Gandhi said “Where there is love, there is life”

Sometimes life just interrupts your cancer journey and what a welcome interruption that is!

First you have to deal with the business at hand… Cycle 2. When you get to the treatment center, you first have to get bloods drawn. You have to be reasonably healthy in order for them to pump you full of the magical voodoo juice for hours on end. If your counts are too low, the cycle can be delayed ‘til they’re up again. You pray that this process will go not one second longer than necessary with no delays. So you are literally on pins and needles until you get the go ahead for your round to begin.

Once seated in your reclining chair, you have some time to get yourself settled. The nurse comes by and with you reviews your complaints and successes since last you sat here. Your vitals are taken and saline bags are set up on the pole. This is the point when you’re glad you have a medi-port. Not only does it leave your hands free for this long day, but it’s less painful when the needle goes in and less bruised afterwards. Before you go to the center, you cover the port site with a thick layer of Emla cream and by the time you’re being stuck, the cream has numbed the area. Even so, there is less fiddling and it’s more straightforward. Definitely an improvement.


You’re asked to spell your name and give your birthdate each time a medication is given to you. Sometimes there are some pre-infusion pills, sometimes there are meds that are pushed through your IV with a syringe and sometimes other bags are added to your pole to mix with the saline. Some of the meds make you conk out for a while. Sometimes they ask you to spell your name while you are under their spell. Then your answer could be something like Rich’s in Cycle 1…. “D…e…t…o..m…m…n….n…..n….a………s…….o…..r…………….., R…i….t…..c…..h…….a…r……d…………………..t” followed by a very sappy and very pleased grin. The nurses dutifully write all this down then scurry back a few minutes later to verify the information. Sometimes they ask you to spell your name a little later in the process as the rest of the medications are added in. Then the response could be something like Rich’s in Cycle 2…. “snork (drool)” He repeated that one twice until they realized there was going to be no sense coming from our sleeping beauty! Apparently timing is everything. A combination of Benedryl and Ativan knock you out for at least three hours.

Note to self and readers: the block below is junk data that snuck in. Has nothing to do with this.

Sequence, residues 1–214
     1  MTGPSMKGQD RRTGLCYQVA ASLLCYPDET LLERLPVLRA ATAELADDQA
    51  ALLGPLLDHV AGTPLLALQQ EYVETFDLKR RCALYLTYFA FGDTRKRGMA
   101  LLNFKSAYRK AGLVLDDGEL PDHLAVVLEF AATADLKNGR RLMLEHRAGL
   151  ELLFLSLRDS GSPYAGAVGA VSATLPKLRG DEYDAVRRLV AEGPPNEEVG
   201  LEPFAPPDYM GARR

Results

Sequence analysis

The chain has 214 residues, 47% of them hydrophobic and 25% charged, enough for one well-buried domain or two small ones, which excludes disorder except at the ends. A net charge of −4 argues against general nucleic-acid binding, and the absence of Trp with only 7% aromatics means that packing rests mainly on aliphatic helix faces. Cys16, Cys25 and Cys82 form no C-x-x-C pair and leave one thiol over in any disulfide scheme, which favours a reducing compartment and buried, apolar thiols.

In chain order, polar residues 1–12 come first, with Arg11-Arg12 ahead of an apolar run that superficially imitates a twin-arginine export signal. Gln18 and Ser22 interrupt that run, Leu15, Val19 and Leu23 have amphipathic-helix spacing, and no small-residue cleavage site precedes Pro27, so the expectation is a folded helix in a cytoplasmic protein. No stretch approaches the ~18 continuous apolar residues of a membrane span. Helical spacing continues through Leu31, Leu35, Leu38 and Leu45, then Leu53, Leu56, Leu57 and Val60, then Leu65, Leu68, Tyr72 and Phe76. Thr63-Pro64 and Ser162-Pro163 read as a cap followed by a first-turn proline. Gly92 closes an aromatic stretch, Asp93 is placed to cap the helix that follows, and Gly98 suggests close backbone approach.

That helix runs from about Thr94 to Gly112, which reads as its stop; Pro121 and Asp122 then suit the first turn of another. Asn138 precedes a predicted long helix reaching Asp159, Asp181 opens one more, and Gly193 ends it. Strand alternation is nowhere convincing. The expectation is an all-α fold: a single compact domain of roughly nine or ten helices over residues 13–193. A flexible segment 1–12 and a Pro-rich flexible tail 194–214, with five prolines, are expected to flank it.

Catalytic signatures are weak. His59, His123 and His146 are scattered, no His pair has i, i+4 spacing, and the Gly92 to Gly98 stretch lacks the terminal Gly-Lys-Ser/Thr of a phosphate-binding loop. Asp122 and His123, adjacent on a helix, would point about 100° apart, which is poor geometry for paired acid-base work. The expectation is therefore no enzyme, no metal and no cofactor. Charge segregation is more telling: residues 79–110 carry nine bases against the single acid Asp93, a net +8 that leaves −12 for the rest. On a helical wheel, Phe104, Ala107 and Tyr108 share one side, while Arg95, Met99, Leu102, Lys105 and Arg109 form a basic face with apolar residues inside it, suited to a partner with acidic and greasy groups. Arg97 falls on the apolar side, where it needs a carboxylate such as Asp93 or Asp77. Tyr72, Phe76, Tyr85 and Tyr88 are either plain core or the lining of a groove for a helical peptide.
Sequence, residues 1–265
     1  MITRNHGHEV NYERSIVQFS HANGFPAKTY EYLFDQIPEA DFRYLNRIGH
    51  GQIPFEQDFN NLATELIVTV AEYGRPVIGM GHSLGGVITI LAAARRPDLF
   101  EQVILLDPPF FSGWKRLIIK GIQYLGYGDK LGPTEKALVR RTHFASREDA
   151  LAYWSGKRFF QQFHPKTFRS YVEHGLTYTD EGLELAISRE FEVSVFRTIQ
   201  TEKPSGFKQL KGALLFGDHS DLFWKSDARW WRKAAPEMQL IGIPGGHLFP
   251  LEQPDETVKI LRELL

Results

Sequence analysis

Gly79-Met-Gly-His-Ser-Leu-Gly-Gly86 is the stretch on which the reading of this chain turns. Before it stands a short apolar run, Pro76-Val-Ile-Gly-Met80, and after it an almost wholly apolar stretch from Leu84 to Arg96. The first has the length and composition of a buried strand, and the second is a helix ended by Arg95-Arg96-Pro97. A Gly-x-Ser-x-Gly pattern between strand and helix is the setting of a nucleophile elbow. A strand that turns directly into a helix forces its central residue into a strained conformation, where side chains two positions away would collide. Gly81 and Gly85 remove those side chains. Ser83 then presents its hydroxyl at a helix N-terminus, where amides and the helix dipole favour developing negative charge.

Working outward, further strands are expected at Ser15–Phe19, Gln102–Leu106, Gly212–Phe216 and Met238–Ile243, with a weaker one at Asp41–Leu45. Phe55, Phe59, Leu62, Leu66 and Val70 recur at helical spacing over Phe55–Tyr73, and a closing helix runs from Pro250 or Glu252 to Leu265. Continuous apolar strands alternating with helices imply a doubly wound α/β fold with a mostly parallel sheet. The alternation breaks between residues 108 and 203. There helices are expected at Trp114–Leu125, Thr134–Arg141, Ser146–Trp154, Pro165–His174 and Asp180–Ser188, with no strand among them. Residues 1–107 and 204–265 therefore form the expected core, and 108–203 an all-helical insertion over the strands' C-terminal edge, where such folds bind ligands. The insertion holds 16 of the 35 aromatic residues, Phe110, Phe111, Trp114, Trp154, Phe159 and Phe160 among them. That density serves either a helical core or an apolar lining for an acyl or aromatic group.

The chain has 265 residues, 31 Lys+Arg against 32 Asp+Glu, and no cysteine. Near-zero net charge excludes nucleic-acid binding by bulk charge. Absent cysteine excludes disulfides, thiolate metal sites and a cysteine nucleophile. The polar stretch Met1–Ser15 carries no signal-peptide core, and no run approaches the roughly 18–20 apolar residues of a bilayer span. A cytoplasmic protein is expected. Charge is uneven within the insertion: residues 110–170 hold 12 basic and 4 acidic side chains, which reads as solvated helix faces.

It’s important for someone to be with you even if you are sleeping through most of it. While you’re snoring away, someone has to spell your name and check that the medications are what they should be. When you aren’t sleeping, and on our second day of the infusions there’s no Benedryl so generally more alertness, there are still times when you need someone to advocate for you. The nurses are wonderful, caring and attentive people… angels in scrubs. But they don’t know you like family and friends. They don’t detect those slight alterations to your demeanor that signal distress. They don’t/can’t spend the entire day by your side. And much as we trust them, mistakes can be made. And if you’re a happy, drooling, snorking patient, you won’t notice. Your caregiver has to be prepared to question, demand, oversee and advocate for you. During Rich’s second cycle one of his meds was given in a quick six minute push instead of as a four hour long infusion. It was the first day the new part of the treatment center was open, everyone was a bit discombobulated and that threw us off as well. Lesson learned… gotta be more vigilant. Our oncologist’s nurse says an investigation needs to be done as to why that happened. We move forward and decide each cycle we’ll discuss all meds and modalities before any bags are hung on the pole. There are ramifications that can’t be taken for granted.